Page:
Cardiometabolic Health

Glycemic Response

Research has shown that certain potato preparation and cooking methods, as well as when potatoes are eaten with mixed meals, result in lower postprandial insulin levels compared to other carbohydrate sources.

Because of their carbohydrate content and purported high glycemic index, potatoes are not only frequently restricted in diabetic dietary guidance, but are also implicated in the development of the disease. While there is some limited epidemiological evidence of an association between high glycemic index foods, including potatoes, and diabetes, there are no clinical/experimental trials demonstrating a cause and effect relationship.

Glycemic index of individual foods does not predict glucose or insulin responses to a mixed meal in children or adults, nor does a low-GI diet improve cardiovascular risk factors or insulin resistance.

  • A 2017 study published in the American Journal of Clinical Nutrition indicates that glycemic index may be a very unreliable marker of blood glucose levels when carbohydrates are consumed with protein, as part of a mixed meal (1).
  • A multi-center human randomized, cross-over controlled feeding trial comparing diets with high and low glycemic index of dietary carbohydrates showed no differences in improvements in insulin sensitivity, lipid levels or systolic blood pressure. Selecting specific foods based on glycemic index may not improve cardiovascular risk factors or insulin resistance in overweight adults (2).
  • A human randomized control trial of diets with high and low glycemic load and 30 percent caloric restriction showed no differences in changes in hunger, satiety or satisfaction with the amount and type of food provided during caloric restriction.
  • Weight loss diets differing substantially in glycemic load induce comparable long-term weight loss (3).

Specific to potatoes, research shows that when potatoes are eaten as part of a mixed meal, the post prandial blood glucose levels are more desirable than when other common carbohydrate sources are eaten.

  • Research suggests that the glycemic index of a food is not a reliable predictor of energy intake and glycemic response. A 2016 study, supported by APRE, found that kids who eat French fries as a side dish to a meta-based entrĂ©e had lower levels of blood glucose and plasma insulin following the meal, compared to when they ate other carbohydrate-based side dishes (4).
  • Satiating amounts of potatoes eaten with meat lead to lower energy intake and postprandial insulin compared with rice and pasta in normal-weight male subjects (5).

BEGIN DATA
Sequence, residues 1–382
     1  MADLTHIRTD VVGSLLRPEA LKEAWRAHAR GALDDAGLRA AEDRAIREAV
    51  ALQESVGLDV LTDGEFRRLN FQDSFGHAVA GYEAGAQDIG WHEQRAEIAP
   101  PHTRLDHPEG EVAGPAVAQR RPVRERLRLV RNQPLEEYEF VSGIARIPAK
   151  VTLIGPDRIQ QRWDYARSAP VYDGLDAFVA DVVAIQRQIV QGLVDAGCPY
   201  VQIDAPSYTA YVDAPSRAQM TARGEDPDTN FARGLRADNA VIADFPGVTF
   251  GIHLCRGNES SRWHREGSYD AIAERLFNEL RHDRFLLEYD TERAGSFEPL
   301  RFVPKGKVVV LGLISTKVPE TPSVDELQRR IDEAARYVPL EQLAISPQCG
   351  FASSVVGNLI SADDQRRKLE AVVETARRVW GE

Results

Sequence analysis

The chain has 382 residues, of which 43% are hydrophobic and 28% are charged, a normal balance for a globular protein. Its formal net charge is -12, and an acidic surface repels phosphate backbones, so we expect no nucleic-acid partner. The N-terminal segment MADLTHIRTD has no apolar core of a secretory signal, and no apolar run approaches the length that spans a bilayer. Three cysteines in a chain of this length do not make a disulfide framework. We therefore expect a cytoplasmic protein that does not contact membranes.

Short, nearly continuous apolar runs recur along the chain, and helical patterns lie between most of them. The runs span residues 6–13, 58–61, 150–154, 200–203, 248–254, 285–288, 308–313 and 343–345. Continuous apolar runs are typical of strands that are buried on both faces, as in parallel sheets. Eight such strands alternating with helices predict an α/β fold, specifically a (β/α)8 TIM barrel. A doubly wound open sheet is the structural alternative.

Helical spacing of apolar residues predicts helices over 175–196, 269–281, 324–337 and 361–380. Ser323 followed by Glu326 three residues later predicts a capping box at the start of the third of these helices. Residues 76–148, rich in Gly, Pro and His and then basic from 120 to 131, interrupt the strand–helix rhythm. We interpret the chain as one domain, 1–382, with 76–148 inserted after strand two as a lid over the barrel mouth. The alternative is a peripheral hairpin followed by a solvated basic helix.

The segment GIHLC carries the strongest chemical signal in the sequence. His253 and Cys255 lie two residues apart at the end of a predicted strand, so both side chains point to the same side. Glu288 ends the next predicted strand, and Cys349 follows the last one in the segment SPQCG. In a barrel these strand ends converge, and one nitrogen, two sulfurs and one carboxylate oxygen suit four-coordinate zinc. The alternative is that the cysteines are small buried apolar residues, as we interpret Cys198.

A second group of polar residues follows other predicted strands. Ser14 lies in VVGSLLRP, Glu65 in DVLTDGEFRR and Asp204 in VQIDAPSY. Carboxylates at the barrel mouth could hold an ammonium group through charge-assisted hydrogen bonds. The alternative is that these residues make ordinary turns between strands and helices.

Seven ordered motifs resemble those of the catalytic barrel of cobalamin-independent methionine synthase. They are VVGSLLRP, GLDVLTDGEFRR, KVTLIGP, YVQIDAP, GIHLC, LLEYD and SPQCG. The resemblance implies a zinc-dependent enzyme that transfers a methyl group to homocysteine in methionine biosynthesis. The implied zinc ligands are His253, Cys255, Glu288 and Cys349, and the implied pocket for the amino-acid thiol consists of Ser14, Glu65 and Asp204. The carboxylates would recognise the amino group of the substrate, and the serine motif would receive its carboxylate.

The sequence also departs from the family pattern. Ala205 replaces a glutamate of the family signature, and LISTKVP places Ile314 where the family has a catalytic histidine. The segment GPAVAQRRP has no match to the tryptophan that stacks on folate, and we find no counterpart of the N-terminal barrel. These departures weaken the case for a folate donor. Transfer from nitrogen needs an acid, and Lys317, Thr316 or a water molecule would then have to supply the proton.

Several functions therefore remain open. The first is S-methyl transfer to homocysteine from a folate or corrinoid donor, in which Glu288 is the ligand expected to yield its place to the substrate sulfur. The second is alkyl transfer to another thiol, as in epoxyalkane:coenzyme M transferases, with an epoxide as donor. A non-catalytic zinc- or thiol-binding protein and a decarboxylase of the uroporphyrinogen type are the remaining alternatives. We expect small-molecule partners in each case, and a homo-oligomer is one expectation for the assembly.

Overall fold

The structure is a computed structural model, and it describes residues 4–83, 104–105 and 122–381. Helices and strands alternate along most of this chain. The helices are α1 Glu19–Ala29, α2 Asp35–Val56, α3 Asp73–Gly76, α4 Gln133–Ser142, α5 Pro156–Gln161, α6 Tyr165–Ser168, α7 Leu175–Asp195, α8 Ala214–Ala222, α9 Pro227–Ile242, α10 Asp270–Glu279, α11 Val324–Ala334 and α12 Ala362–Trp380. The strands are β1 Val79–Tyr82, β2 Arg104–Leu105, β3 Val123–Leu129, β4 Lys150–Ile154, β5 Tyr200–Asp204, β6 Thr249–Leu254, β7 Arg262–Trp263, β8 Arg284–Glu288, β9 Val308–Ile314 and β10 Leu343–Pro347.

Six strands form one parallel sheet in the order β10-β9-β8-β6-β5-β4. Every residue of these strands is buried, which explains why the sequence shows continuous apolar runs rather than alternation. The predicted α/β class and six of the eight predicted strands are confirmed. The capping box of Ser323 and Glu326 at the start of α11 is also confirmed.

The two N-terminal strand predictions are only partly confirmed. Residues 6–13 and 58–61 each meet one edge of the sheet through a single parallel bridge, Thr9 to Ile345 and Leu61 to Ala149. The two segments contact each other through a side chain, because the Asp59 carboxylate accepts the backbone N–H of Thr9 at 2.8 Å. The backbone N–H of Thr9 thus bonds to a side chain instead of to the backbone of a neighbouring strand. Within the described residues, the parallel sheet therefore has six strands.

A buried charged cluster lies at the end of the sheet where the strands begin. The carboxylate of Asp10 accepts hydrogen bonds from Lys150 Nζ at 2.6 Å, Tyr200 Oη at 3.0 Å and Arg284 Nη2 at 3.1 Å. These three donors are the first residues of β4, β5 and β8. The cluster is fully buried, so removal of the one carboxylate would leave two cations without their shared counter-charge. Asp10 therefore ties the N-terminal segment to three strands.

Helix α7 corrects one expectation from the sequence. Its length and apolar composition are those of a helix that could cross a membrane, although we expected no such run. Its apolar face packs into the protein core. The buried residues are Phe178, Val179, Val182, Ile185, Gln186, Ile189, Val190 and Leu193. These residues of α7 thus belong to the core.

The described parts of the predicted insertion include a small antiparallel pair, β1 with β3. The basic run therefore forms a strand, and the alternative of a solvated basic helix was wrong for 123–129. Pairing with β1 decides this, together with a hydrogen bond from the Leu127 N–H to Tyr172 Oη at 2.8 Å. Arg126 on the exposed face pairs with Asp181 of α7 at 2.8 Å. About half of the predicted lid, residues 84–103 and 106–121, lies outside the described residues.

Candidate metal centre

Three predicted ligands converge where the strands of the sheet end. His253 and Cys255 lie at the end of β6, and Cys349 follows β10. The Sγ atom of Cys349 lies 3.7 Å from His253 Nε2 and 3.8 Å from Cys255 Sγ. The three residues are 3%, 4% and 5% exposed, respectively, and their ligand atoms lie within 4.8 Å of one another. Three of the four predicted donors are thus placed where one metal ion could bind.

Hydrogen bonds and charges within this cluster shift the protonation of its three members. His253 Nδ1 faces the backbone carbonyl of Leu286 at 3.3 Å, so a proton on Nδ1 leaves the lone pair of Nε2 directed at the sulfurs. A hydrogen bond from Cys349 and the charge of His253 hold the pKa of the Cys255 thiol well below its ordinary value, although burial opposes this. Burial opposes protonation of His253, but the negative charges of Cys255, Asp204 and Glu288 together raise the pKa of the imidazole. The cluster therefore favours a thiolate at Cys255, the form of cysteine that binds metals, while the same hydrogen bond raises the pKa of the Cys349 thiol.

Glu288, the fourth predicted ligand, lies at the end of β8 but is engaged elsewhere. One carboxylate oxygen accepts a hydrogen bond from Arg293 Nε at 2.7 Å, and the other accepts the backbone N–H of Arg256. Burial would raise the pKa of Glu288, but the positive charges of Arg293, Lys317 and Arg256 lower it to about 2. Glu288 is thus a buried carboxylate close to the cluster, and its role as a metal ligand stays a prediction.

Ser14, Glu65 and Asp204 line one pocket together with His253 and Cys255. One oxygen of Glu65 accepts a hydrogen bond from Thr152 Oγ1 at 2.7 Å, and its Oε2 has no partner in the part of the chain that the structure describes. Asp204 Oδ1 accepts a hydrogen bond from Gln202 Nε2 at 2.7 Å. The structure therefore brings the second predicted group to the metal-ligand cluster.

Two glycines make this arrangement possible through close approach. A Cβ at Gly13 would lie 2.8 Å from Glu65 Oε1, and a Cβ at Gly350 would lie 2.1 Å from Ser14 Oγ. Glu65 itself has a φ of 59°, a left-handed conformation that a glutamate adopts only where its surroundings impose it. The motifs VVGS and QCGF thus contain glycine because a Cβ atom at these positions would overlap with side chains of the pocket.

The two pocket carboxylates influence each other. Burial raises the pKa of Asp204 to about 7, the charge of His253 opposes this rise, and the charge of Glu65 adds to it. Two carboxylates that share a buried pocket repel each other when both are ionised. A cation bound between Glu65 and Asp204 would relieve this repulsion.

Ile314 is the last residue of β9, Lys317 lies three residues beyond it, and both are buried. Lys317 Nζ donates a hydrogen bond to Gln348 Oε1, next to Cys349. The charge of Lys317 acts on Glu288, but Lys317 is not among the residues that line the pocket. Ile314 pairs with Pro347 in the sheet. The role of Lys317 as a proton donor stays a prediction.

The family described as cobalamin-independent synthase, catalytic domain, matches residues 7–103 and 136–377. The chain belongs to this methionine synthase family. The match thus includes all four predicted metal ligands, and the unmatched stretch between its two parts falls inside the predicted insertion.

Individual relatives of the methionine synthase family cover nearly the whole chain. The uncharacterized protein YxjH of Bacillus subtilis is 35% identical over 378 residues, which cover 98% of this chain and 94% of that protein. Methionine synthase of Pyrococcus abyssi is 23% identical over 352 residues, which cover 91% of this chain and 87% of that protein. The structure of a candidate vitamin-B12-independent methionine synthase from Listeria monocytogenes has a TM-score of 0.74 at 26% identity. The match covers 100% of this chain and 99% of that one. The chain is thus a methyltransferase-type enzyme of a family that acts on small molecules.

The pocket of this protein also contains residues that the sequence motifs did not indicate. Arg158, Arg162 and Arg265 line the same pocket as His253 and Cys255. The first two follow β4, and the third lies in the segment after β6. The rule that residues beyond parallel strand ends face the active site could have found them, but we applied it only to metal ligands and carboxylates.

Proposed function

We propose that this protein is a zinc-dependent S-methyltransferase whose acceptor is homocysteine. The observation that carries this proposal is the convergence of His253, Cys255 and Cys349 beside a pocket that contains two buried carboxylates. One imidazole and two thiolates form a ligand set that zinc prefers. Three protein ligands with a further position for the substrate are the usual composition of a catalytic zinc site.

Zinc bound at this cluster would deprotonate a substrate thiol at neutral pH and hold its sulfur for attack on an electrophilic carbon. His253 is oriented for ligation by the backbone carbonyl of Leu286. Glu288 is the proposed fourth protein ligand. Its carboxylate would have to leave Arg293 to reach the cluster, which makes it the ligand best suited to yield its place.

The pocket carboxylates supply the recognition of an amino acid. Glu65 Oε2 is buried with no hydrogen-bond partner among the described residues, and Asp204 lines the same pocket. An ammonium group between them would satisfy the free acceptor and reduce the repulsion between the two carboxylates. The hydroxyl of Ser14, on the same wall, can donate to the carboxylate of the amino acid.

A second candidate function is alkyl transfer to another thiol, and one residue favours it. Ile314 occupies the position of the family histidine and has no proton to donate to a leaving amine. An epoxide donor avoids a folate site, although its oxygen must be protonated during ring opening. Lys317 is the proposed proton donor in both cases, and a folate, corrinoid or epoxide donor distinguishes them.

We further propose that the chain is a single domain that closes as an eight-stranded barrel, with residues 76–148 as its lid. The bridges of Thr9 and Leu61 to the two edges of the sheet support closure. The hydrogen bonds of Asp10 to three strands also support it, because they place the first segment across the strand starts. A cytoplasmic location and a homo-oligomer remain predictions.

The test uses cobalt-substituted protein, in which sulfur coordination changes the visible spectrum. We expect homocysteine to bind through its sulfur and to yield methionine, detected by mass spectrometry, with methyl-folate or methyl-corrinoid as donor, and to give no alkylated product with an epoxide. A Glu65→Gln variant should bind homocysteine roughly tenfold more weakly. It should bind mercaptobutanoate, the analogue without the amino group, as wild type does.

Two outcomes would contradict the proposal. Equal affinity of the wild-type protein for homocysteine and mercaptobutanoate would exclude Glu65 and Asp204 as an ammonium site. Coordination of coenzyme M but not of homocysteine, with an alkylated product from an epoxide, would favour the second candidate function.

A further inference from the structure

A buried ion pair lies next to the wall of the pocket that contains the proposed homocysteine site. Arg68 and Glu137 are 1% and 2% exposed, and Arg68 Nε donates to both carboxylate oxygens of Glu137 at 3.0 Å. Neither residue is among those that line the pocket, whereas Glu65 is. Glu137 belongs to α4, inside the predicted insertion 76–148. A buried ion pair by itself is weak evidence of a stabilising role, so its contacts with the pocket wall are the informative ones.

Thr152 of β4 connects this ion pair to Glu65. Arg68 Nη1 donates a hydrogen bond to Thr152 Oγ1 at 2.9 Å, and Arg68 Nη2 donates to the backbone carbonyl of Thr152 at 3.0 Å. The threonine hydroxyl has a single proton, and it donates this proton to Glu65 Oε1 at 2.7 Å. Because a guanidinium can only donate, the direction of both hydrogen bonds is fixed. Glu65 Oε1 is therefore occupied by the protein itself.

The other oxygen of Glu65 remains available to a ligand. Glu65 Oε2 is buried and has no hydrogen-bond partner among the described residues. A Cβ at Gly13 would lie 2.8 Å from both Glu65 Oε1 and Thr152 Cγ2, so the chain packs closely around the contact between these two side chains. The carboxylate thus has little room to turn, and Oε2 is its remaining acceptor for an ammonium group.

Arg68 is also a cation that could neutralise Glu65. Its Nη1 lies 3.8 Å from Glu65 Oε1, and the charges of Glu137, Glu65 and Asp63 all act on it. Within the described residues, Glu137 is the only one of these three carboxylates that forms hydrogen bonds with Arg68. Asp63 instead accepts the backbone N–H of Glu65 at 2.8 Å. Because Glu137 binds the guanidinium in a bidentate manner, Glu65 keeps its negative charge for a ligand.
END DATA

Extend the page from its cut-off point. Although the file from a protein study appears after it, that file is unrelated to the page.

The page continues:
• Research, supported by APRE, found that mashed boiled potatoes in a meal with protein lead to lower caloric intake among healthy, normal-weight children. Insulinemia was significantly lower after a meal with deep-fried French fried potatoes than other carbohydrate sources (6).

For more information on potatoes and glycemic response, read:

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  1. Meng H, et al. Effect of macronutrients and fiber on postprandial glycemic responses and meal glycemic index and glycemic load value determinations. Am J Clin Nutr. 2017; 116.144162.
  2. Sacks FM et al. Effects of high vs low glycemic index of dietary carbohydrate on cardiovascular disease risk factors and insulin sensitivity: The OmniCarb Randomized Clinical Trial. JAMA 2014; 312(23): 2531-41.
  3. Das et al. Long-term effects of 2 energy-restricted diets differing in glycemic load on dietary adherence, body composition, and metabolism in CALERIE: a 1-y randomized controlled trial. Am J Clin Nutr 2007; 85(4): 1023-30.
  4. Harvey Anderson G, et al. The effects of potatoes and other carbohydrate side dishes consumed with meat on food intake, glycemia and satiety response in children. Nutr Diabetes 2016 Feb; 6(2) e195.
  5. Erdmann et al. Food intake and plasma ghrelin response during potato-, rice- and pasta-rich test meals. Eur J Nutr 2007; 46: 196-203.
  6. Akilen R et al. The effects of potatoes and other carbohydrate side dishes consumed with meat on food intake, glycemia and satiety response in children. Nutr Diab 2016 Feb 15;6:e195.
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